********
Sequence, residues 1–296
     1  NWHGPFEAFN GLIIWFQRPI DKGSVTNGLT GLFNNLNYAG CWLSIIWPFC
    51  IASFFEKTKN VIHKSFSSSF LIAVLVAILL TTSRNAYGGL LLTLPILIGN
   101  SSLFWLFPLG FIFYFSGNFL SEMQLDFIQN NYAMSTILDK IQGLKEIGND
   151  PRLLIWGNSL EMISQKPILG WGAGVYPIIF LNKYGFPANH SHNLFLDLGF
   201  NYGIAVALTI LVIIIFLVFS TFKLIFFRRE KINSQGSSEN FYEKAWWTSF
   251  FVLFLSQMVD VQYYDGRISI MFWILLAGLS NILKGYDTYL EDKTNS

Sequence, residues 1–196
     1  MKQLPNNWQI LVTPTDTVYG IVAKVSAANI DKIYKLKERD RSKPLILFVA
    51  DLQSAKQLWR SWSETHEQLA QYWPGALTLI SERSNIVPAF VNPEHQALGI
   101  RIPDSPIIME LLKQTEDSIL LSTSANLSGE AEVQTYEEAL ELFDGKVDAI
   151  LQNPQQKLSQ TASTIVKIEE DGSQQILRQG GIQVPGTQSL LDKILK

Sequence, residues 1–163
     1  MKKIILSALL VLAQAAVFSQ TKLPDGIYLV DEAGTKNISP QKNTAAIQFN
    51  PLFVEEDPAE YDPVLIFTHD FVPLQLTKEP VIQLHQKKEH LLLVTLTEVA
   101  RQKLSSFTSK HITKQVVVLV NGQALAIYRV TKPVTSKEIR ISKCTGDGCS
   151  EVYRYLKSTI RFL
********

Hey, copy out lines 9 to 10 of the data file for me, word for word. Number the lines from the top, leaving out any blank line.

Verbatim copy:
     1  MKQLPNNWQI LVTPTDTVYG IVAKVSAANI DKIYKLKERD RSKPLILFVA
    51  DLQSAKQLWR SWSETHEQLA QYWPGALTLI SERSNIVPAF VNPEHQALGI